Like many self-help books, Digital Minimalism can feel repetitive, and readers with an interest in the social impacts of technology will likely be familiar with many of the thinkers and studies he quotes. His arguments are compelling, however. A few months ago, my toddler deleted Facebook from my phone and it’s embarrassing how liberated I felt. After finishing Newport’s book, I set strict rules for how often I check social media, my emails or my text messages, and even these baby steps made a surprising difference by improving my concentration span. For purists such as Boyle, such efforts might seem pathetic and quietist (certainly they do nothing to address his very valid economic and environmental concerns), but when you accept there is no returning to a past golden age, you need to find a way to feel comfortable in the present.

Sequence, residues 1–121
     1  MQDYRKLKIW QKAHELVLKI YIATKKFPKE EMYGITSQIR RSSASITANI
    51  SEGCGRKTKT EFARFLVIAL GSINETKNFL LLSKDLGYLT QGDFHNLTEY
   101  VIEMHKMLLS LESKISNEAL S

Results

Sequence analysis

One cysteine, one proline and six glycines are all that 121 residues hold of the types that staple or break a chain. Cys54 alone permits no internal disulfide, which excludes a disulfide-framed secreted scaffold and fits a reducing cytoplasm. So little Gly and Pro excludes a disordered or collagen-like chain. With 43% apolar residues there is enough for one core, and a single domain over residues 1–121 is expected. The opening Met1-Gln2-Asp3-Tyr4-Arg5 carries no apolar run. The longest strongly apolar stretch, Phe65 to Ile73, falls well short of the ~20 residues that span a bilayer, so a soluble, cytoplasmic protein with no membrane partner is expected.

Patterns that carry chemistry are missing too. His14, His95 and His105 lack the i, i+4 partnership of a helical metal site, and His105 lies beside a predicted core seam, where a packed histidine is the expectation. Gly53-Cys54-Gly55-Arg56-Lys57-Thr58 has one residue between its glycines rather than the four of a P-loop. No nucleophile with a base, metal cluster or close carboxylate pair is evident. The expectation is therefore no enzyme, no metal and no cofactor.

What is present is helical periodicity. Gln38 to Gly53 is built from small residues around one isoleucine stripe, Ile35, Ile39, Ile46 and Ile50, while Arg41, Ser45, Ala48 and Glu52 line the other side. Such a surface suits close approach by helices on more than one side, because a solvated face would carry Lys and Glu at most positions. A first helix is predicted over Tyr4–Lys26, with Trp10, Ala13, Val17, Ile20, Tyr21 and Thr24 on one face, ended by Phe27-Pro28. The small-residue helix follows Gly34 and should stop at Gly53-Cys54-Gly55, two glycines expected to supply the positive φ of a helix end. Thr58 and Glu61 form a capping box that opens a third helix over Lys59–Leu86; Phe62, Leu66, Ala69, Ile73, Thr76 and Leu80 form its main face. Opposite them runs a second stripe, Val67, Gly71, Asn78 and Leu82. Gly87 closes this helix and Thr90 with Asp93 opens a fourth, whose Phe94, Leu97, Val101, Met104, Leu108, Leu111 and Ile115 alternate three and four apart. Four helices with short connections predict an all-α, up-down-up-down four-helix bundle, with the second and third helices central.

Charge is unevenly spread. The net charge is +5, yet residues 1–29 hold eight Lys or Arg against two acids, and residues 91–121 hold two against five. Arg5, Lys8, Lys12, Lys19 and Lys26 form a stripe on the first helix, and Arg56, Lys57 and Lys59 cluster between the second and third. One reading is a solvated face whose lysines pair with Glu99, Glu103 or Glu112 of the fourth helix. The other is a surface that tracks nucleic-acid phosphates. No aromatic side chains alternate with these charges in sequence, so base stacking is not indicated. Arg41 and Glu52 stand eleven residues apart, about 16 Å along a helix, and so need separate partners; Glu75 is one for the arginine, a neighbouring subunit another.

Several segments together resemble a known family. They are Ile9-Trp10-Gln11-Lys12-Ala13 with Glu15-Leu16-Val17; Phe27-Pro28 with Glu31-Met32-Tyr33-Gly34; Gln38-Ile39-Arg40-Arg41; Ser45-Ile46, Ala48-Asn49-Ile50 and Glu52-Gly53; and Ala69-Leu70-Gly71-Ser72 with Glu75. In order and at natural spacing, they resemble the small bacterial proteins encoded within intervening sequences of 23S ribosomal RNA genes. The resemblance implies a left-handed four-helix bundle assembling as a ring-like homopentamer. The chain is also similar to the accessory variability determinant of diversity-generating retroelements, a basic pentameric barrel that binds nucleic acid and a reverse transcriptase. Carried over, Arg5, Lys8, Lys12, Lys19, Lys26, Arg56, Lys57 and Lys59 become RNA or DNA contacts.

This thoughtful blend of self-help and social critique has a provocative premiss: the “wild tangle of tools, entertainments and distractions provided by the internet age” is threatening to “subvert our human urge to build a meaningful and satisfying life”. Ever since the New York Sun was launched for a penny in 1830, media companies have sought to garner the attention of the public and sell it on to advertisers. According to the computer scientist Cal Newport, by engineering a seemingly “irresistible attraction” to their services, tech giants like Facebook are supercharging the “attention economy”, turning us in to incredibly lucrative product. His book is addressed to those who spend more time than “is healthy” checking gadgets and apps, “unable to maintain an uninterrupted conversation with the friend sitting across the table”.
Some of Newport’s suggestions are useful and some are a bit lame... Newport’s proposed solutions are useful, but hardly revolutionary... Then it gets a bit woolly... I’m afraid I’ve made Newport sound like a bit of a nerk. And, really, the man does use some absurd jargon towards the end of the book. Yet for the most part it’s pretty well written. And if his practical suggestions sound a bit obvious, well, what else are you going to do? If you want to spend less time with your phone, this book isn’t a bad place to start.